‘Sure, I can figure that out.'
This is essentially how I got my start in digital. In truth, it’s how I got into the world of college sports and has helped me advance.
I had come late to the party and only realized I could make a living in sports prior to my senior year at the University of Texas. I was encouraged by a mentor (Dennis Coleman of Ropes & Gray) that I could build a career in sport with some doors he could open for me. He was careful to tell me that while he could open the door, it would be up to me to kick it down and make my place inside.
But back to my route to digital. I had spent two years at Bryant University as a marketing GA doing just about anything you could imagine for (what was then) a division II athletics department.
One of the networking relationships I’d made up my first few years in the business was with Boston College Associate Athletics Director Jamie DiLoreto. I met Jamie at an NCAA networking event my first year at Bryant and had kept in good touch.
Jamie was everything you could ask for in a mentor. Smart, kind and well connected. We would meet for occasional breakfasts in Newton and regularly exchange emails. So it was one of the great compliments I’ve ever had when he called me and told me he had a position he’d like to see me fill at BC.
There was just one catch. It was a brand new position, a one year internship totally devoted to their website and digital offerings. ‘Do you know anything about that?’ Jamie asked.
And thus my start. As someone who grew up with the Internet taking shape and a general proclivity for it I jumped at the opportunity to head to an ACC school.
I forget my exact response, but it was something to the effect of ‘I’ll figure that out!’
So I was able to immerse myself in the digital world of college athletics from some of its earliest days. I was right between the worlds of marketing and media relations, a position I’ve remained in most of my career.
And it never would have happened had I not met Jamie at a Boston networking event I just happened to attend.
By this point, I hope you know the importance of networking. If you don’t, then etch it into your mind as you will never get where you want to without it. And get it into your head that networking is NOT just about finding a job.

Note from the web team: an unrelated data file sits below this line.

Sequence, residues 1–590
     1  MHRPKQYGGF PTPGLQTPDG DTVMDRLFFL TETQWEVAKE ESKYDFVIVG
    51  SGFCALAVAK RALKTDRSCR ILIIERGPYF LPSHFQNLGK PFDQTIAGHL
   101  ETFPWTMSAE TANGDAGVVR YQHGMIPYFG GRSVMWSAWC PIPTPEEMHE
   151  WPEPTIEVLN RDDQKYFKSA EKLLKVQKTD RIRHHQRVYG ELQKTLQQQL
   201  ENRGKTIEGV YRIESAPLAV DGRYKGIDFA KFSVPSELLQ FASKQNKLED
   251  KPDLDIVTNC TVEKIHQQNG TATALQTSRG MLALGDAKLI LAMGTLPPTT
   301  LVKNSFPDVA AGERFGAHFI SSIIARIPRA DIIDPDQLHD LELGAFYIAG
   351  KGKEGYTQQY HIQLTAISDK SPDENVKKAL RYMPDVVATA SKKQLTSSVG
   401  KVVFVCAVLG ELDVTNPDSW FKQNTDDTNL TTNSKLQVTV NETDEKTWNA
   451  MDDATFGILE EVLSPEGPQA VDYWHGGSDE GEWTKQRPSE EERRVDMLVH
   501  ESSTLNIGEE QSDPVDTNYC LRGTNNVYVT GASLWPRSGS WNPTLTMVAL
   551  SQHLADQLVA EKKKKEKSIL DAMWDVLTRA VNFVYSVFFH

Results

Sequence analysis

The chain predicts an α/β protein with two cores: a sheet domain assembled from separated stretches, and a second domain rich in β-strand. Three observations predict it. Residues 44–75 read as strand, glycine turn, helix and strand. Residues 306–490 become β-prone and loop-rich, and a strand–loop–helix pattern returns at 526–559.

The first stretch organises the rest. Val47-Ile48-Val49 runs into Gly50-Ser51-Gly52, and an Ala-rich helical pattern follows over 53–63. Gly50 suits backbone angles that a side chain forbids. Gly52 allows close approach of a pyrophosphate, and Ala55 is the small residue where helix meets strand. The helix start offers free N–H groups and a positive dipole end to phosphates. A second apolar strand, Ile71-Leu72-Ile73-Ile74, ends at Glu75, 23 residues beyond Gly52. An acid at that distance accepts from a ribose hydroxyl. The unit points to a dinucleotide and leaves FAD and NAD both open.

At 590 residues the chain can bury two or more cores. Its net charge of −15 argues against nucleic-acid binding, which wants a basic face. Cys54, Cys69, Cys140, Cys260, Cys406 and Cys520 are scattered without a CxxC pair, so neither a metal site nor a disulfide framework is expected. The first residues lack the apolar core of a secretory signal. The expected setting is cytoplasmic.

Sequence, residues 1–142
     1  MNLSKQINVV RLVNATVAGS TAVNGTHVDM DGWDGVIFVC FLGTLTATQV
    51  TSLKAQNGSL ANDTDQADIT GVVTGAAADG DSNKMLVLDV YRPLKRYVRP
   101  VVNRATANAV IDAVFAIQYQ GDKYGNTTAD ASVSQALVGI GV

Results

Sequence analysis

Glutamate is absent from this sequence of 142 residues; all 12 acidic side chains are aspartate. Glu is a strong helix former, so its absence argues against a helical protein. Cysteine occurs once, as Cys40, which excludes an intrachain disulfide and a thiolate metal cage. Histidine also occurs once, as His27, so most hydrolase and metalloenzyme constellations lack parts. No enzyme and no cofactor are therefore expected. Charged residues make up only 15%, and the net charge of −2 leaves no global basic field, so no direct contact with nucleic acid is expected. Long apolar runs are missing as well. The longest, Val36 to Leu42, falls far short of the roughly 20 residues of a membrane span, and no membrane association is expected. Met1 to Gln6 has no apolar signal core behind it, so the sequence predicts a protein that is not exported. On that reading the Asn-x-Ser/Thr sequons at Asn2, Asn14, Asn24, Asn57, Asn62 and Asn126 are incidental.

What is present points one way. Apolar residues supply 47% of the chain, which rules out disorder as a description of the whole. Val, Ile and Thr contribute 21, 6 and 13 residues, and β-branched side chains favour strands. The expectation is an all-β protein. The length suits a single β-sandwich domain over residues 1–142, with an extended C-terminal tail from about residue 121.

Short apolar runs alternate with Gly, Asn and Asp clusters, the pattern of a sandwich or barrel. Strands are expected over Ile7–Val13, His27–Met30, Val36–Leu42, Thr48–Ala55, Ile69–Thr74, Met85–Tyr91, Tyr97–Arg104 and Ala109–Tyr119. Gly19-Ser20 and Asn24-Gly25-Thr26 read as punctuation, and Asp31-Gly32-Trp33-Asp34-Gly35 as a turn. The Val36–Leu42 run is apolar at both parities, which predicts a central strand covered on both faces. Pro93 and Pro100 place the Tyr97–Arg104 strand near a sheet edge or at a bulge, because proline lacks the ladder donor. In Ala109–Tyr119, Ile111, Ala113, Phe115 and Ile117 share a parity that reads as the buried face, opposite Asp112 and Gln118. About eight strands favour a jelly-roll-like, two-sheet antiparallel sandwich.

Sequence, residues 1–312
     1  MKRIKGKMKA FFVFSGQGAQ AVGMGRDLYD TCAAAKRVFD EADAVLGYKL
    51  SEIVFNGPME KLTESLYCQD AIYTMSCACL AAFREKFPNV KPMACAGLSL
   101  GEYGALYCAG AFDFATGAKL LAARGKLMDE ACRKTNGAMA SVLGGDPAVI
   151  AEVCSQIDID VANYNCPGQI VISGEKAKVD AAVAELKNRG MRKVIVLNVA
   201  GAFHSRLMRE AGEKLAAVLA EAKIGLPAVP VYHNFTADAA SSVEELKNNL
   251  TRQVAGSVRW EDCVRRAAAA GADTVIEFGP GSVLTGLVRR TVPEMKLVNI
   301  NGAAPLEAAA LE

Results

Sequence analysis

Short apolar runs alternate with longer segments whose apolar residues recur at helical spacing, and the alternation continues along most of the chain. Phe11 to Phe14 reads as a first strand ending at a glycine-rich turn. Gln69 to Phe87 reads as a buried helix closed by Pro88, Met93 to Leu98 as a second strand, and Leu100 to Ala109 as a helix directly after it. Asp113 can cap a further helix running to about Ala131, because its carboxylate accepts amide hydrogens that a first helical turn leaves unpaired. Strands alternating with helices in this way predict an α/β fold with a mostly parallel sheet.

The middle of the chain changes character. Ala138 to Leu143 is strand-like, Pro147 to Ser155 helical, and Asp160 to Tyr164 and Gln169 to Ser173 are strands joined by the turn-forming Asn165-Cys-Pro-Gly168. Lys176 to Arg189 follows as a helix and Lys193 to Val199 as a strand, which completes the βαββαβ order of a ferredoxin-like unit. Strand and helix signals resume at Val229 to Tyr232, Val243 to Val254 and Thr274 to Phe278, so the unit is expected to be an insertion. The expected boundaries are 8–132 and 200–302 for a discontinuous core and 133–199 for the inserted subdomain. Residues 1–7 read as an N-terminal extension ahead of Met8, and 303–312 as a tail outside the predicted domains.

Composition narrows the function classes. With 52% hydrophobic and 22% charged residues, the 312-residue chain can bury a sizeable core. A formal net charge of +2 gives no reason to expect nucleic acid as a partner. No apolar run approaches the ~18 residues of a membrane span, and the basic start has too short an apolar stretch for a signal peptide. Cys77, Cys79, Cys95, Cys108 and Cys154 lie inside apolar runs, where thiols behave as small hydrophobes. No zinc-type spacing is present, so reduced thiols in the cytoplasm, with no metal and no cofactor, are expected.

Some of the most important and meaningful relationships I’ve made have not led to full-time employment. If you treat them this way, you will come across as transparently opportunistic. I’ve found people in sports to be enormously generous and willing to help, but it’s important not to treat it as a one-way street. Look for ways you can provide value and give, give give before you ever consider asking for a ‘take’.
Think beyond the collection of business cards you may pick up along the way. Work hard to develop and maintain those relationships and slowly building each up to the next level. Strangers to acquaintances, acquaintances to friends, friends to confidantes.
When I left the American Athletic Conference in April, it took me several weeks to touch base with my entire network via phone calls, texts and emails. It was essentially a full-time job to alert them to the change and hopefully grab a few minutes for their advice and guidance.
Many of those conversations helped me frame what I wanted to do next, many challenged me, many comforted me, and yes some eventually led to my new position at Neulion.
I’ve never taken a formal class in sports management or anything related to digital media. I attribute my success to hustle, my network and my ability to adapt. These things sound natural and common sense, but they take a discipline and a concerted effort.
If you’re just starting out, don’t be scared to ask established professionals for ten minutes of their time. Introduce yourself, make a positive impression and work towards a mutually beneficial long-term relationship.
This is a small world and a strong network of professional contacts is invaluable.